Press Release: Seeing Movement
Why the world in our head stays still when we move our eyes
Tübingen (Germany), 21. March 2012. When observing a fly buzzing around the room and following it around with the eyes, we ought to have the impression that it is not the fly, but rather the space that lies behind it that is moving. After all, the fly is always fixed in our central point of view. But how does the brain convey the impression of a fly in motion in a motionless field? With the help of functional magnetic resonance imaging (fMRI) scientists from the Werner Reichardt Centre for Integrative Neuroscience and the Max Planck Institute for Biological Cybernetics in Tübingen have identified two areas of the brain that compare the movements of the eye with the visual movements cast onto the retina so as to correctly perceive objects in motion.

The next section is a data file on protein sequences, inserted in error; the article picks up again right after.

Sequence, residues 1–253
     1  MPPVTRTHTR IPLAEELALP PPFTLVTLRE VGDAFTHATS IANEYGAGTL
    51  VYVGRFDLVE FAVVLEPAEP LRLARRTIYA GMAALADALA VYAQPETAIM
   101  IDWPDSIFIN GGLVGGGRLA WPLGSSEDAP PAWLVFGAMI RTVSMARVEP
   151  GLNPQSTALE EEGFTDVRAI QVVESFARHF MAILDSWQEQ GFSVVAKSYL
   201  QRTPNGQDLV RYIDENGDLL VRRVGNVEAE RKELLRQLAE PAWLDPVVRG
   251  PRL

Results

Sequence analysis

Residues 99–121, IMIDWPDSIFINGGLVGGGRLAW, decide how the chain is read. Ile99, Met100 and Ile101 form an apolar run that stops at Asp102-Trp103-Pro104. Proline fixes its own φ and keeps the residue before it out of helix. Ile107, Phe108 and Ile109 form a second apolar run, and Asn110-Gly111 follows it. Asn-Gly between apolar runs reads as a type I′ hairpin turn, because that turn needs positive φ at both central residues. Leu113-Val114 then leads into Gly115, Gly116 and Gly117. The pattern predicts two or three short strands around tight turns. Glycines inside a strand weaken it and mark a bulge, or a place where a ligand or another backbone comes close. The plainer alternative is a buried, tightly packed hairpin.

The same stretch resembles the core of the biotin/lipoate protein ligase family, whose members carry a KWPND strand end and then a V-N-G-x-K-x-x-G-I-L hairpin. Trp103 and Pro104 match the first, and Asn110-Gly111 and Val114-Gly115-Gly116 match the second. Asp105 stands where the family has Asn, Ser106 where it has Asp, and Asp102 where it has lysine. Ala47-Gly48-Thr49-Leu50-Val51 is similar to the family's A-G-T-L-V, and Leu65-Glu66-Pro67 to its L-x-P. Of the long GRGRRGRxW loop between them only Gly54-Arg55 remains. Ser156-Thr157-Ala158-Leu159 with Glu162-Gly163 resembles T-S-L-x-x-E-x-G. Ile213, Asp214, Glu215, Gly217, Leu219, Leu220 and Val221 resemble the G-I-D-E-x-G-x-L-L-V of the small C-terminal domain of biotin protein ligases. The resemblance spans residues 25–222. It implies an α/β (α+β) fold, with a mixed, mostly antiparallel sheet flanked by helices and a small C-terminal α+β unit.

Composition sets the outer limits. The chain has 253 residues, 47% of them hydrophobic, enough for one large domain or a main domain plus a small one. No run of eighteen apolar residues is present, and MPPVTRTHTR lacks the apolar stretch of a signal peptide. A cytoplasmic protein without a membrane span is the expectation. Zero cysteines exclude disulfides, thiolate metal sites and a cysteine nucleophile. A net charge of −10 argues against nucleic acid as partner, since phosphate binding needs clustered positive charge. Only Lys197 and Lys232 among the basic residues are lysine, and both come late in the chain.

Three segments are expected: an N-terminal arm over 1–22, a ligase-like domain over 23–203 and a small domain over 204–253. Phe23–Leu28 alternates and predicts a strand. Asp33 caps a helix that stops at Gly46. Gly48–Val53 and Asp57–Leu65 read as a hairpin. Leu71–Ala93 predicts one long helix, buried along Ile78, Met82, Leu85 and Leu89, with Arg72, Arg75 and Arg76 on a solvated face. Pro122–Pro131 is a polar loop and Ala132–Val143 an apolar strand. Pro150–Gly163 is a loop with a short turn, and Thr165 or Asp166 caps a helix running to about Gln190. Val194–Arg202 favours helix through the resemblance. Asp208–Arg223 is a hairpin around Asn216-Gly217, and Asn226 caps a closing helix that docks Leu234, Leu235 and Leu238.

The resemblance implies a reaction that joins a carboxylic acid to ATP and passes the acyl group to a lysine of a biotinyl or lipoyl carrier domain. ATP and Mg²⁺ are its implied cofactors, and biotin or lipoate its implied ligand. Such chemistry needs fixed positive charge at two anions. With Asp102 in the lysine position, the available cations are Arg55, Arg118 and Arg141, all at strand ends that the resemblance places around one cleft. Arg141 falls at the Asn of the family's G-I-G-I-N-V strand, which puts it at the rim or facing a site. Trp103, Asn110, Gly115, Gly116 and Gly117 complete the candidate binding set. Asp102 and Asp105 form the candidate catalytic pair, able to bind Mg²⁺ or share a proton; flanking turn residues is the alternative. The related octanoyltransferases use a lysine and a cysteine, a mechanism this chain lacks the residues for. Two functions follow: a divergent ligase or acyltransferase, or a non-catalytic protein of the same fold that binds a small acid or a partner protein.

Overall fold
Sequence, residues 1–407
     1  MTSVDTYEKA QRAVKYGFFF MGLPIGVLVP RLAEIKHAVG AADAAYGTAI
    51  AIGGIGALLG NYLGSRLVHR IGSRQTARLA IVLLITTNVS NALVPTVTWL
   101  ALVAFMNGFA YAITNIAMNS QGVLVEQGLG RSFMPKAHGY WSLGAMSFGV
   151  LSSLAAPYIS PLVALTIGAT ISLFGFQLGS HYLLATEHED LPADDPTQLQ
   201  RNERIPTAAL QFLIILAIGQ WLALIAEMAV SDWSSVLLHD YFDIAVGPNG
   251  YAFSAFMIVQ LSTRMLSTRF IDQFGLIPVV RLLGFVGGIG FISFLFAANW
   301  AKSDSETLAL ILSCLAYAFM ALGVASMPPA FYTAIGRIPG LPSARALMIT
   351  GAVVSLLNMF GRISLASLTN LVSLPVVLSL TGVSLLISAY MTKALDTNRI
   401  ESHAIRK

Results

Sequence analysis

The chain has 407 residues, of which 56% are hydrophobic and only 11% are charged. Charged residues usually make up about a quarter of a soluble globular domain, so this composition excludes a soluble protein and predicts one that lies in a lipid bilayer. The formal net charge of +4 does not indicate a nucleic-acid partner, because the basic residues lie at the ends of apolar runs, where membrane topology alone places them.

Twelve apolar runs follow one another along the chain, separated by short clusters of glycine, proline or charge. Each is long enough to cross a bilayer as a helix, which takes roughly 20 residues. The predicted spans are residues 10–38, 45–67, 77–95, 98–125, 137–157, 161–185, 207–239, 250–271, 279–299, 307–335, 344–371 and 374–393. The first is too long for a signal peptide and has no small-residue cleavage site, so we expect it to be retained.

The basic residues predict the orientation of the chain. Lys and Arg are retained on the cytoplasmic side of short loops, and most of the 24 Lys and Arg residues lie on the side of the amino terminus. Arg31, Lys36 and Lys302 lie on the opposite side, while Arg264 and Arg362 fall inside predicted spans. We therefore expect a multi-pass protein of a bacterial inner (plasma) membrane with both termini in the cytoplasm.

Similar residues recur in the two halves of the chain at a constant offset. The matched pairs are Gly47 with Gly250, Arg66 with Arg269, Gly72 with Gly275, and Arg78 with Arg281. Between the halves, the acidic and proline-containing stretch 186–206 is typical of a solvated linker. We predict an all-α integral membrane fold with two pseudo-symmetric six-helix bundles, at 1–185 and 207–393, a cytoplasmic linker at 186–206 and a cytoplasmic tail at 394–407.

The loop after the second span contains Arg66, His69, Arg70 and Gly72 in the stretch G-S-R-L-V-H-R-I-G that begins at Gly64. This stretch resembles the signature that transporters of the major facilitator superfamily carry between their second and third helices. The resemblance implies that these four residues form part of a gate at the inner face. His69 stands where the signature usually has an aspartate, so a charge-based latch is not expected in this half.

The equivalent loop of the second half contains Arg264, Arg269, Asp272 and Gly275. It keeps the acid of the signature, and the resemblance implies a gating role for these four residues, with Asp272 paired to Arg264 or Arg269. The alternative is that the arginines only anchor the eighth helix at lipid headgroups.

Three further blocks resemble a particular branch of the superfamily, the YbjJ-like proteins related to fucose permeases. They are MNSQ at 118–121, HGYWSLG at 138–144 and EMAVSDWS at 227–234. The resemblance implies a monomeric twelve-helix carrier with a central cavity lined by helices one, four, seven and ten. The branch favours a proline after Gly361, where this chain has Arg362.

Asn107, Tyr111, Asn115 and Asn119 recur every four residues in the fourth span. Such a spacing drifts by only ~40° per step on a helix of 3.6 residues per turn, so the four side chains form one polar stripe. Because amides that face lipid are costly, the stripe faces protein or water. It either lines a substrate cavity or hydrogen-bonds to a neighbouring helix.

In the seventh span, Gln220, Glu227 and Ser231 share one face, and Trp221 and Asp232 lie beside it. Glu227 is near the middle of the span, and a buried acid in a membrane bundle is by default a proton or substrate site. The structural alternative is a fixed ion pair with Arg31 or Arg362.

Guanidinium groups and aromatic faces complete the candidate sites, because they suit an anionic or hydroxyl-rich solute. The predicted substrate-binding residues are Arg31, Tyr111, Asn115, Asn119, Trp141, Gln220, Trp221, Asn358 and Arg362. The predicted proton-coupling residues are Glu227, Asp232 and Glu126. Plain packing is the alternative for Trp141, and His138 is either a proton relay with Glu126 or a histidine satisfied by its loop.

Press release for download in English and German. Pressemitteilung zum Download auf Englisch und Deutsch.
- Werner Reichardt Centre for Integrative Neuroscience
- Max Planck Institute for Biological Cybernetics